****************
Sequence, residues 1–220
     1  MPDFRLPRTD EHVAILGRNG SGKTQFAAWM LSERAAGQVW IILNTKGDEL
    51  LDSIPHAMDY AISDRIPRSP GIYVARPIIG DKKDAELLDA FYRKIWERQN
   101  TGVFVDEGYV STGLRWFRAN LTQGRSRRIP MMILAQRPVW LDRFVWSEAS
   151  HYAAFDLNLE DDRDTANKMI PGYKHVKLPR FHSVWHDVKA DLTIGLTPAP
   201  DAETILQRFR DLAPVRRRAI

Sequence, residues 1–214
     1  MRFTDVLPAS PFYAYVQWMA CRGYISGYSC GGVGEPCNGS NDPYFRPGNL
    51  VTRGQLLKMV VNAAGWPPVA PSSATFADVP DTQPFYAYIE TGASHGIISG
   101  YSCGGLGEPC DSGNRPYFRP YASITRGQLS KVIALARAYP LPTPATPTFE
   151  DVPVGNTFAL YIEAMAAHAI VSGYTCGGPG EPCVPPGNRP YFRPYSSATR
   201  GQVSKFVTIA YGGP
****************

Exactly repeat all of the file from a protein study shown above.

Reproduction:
Sequence, residues 1–220
     1  MPDFRLPRTD EHVAILGRNG SGKTQFAAWM LSERAAGQVW IILNTKGDEL
    51  LDSIPHAMDY AISDRIPRSP GIYVARPIIG DKKDAELLDA FYRKIWERQN
   101  TGVFVDEGYV STGLRWFRAN LTQGRSRRIP MMILAQRPVW LDRFVWSEAS
   151  HYAAFDLNLE DDRDTANKMI PGYKHVKLPR FHSVWHDVKA DLTIGLTPAP
   201  DAETILQRFR DLAPVRRRAI

Sequence, residues 1–214
     1  MRFTDVLPAS PFYAYVQWMA CRGYISGYSC GGVGEPCNGS NDPYFRPGNL
    51  VTRGQLLKMV VNAAGWPPVA PSSATFADVP DTQPFYAYIE TGASHGIISG
   101  YSCGGLGEPC DSGNRPYFRP YASITRGQLS KVIALARAYP LPTPATPTFE
   151  DVPVGNTFAL YIEAMAAHAI VSGYTCGGPG EPCVPPGNRP YFRPYSSATR
   201  GQVSKFVTIA YGGP